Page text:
Friday, February 09, 2018

UIS Master's Thesis awards presented to two recent graduates from Sangamon County

Dennis Papini, UIS vice chancellor for academic affairs and provost, presents the Outstanding Master's Thesis Award to Jonathon Mark Redding.
The University of Illinois Springfield Research Board has honored two former graduate students, both from Sangamon County, with awards for their master’s thesis projects for the 2016-2017 academic year. The awards were presented during a ceremony on February 8, 2018.

The Outstanding Master’s Thesis Award was presented to Jonathon Mark Redding of Springfield. Redding graduated from UIS in December 2016 with a master’s degree in history. His thesis was entitled “Benjamin Chew – Loyalist or Patriot?” His thesis chair was Kenneth Owen, UIS assistant professor of history.

Redding grew up in Chicago and says his parents instilled in him a love of books and education from an early age. Although interested in history, he obtained a bachelor’s degree in sociology from Greenville University and pursued a career as a computer systems administrator. Later, he obtained an MBA from Benedictine University.

After relocating to Springfield, he decided to formalize his knowledge of history by pursuing a master’s degree in American History at UIS.

“The night classes offered at UIS were a perfect match that allowed me to continue my daytime career as a computer systems administrator,” he said. “My newly acquired interest in colonial American history was a ‘happy coincidence’ stemming from a class assignment in Dr. William Siles’ Archival Management course and the arrival of Dr. Kenneth Owen on the UIS History Department faculty. Dr. Owen specializes in colonial American history and ‘converted’ me to that era.”

Courtney Cox, a Chatham native, was honored with the English and Modern Languages Department award for her master’s thesis entitled “Applications of Creative Writing Methodology: A Paired Meta-Reflection of Researcher Subjectivity in Qualitative Composition Inquiry.”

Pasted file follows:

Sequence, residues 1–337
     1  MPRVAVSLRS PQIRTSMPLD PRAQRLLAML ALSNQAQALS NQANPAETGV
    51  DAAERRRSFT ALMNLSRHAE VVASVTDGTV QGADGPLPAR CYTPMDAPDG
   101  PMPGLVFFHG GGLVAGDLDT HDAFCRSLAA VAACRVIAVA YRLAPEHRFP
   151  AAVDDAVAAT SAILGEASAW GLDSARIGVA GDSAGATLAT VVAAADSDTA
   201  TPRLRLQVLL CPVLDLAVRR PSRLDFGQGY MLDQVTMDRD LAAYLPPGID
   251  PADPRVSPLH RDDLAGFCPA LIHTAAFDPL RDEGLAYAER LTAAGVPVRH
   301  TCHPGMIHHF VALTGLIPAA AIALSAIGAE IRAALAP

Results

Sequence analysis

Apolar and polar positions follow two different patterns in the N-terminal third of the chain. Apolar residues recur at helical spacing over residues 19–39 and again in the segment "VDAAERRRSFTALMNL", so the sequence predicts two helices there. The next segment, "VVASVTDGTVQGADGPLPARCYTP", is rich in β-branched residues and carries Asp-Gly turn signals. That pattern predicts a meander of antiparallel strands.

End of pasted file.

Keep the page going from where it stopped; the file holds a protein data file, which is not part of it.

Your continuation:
Cox graduated from UIS in May 2017 with a master’s degree in English. Her thesis chair was Stephanie Hedge, UIS assistant professor of English.

During her time pursuing her master’s degree at UIS, Cox says she discovered her passion for composition pedagogy, publishing and technical writing. While at UIS, Cox was managing editor of campus publications “Uproot” and “Alchemist Review,” as well as an executive board member of the Graduate Public Service Internship Program Association. Cox is now pursuing a Ph.D. in English Studies with a concentration in Rhetoric and Composition.

The Outstanding Master’s Thesis/Project Award is funded primarily through an endowment established by Nancy and Charles Chapin, along with gifts from other donors. In addition to providing funding for the Outstanding Master’s Thesis/Project Award, Charles and Nancy Chapin have provided support for Brookens Library, the Chancellor’s Fund for Excellence and scholarships.

For more information on the awards, contact Keenan Dungey, UIS associate vice chancellor of research and institutional effectiveness, at 217/206-8112 or

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